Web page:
I was also a little concerned about whether I'd only be interested to do this as a social activity. While it's definitely nicer to climb with folks (and probably also better for learning to have folks occasionally help troubleshoot), half of this set of sessions were solo and while it can be a little overwhelming when it's super crowded (BFF Climb ugh) I'm still doing more sessions.
I think I would like to get a chalk bucket in hopes that it is a faster and easier way to coat my hands in chalk. Or maybe try out using liquid chalk as a base layer, or just try some alcohol (sanitiser without skin moisturiser?) to dry hands out first. There are some days when my hands are especially sweaty and it takes ongoing effort to squeeze the chalk ball and swirl hand around the handful of loose chalk I keep in my current bag until it's sufficiently dry. Since some places have a stated requirement for chalk balls and/or liquid chalk instead of loose chalk, maybe best to get both just in case they are needed.
I have no regrets buying a pair of climbing shoes. I dunno if it's all in my head in the first place, but at least if I don't stick a small hold or slip off a volume now I feel that it's clearly my technique or approach, and not a shoe problem. I've definitely seen a few footholds and volumes get even more blackened after I slipped off, that must be why they say that beginners will wear through their first shoe's rubber quickly...
I have visited 16 bouldering gyms (not counting places with top-rope/lead climbing like T-Hall and Climb Central), there are five more bouldering gyms that are currently open that I've yet to visit, and three more that are expected to open sometime this year. That's 21 gyms now, and 24 soon! That feels like a lot! I wonder how all these gyms scrounge up all the routesetters. I imagine you can contract out interior design and wall design and maybe training equipment selection, but routesetting is ongoing work and presumably they can't do it remotely!
Of the five currently open, I'll exclude Boulder Movement (Suntec) until I can reasonably make attempts at Flux 1 (V4), so that leaves four for now: BFF Climb (Bukit Timah) and Z-Vertigo in the west, Ark Bloc in the northeast, and b8A in the east. (I was considering excluding Ark Bloc since it isn't bouldering-only, but since they don't have roped climbing and it looks pretty large, might still be worth a look.)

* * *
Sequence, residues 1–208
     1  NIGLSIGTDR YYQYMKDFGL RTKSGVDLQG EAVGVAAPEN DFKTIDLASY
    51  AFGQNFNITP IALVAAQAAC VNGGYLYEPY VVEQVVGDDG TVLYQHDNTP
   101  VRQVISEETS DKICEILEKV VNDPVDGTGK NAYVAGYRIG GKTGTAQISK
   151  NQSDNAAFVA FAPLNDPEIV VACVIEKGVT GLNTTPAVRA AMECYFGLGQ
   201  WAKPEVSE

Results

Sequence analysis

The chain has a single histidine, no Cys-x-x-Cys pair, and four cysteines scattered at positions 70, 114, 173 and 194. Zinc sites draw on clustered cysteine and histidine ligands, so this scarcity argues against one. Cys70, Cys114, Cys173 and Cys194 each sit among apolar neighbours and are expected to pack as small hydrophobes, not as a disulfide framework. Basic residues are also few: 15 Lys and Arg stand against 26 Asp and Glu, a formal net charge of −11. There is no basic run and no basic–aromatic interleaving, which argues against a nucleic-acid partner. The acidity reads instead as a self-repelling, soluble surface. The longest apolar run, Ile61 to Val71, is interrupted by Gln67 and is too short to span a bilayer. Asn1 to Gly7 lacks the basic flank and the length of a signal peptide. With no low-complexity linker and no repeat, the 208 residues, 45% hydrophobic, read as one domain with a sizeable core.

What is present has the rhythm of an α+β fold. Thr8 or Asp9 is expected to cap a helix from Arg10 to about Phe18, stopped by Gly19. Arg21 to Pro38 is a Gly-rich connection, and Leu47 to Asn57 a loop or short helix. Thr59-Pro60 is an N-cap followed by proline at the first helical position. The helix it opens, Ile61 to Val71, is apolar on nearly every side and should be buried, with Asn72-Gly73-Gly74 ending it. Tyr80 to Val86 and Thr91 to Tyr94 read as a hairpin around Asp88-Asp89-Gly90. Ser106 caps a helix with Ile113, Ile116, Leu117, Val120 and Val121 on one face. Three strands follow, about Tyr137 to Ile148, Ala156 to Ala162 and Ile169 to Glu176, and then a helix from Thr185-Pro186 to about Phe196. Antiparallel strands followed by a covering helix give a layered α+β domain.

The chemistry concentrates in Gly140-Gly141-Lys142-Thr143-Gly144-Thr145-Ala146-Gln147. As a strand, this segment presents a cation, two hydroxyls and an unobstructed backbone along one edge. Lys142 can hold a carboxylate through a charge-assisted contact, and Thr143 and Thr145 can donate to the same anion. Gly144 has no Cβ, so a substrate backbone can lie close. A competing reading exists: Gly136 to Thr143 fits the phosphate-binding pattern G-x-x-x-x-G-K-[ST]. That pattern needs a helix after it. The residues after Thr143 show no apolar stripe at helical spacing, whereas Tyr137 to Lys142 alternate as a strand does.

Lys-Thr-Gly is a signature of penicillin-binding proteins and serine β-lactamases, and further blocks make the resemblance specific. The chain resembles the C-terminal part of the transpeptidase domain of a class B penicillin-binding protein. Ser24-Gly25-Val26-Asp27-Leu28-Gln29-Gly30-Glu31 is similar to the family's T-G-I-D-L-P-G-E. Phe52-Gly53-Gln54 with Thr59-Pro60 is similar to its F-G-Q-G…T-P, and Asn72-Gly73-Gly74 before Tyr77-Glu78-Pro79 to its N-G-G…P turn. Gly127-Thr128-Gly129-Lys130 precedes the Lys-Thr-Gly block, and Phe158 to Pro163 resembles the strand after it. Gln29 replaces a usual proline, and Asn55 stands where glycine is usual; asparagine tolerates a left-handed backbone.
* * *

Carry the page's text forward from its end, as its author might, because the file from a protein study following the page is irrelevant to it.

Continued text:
Given the locations of the five, I don't think it's likely that they will end up on the gyms that I'd like to frequent. For now, I think Boulder Movement will definitely continue to be interesting at least until past V3 (and possibly beyond, I haven't paid much attention to how many Flux level problems they actually set and the variety), which is probably still a long way to go, and I also quite like Fit Bloc and Boulder+.
I'll continue hunting for information about avoiding common climbing injuries. The one clear thing so far is that while the full crimp is likely a lot more powerful, the mechanics of it are also that it's much more likely to cause pulley injuries. I haven't figured out the dangers of pockets yet so I'm choosing to not touch any smaller than 3 fingers, if I actually see that on the wall. Still working on figuring everything else out.
I have been thinking about whether I want to get more into top-rope climbing but the thought of being dropped or dropping someone is really quite scary. It seems like it is more of a low likelihood, high severity kind of activity, where incidents aren't as frequent but when they do they can be really bad, compared to bouldering where there's higher likelihood of something happening but the severity is relatively low. (At least for indoor climbing!)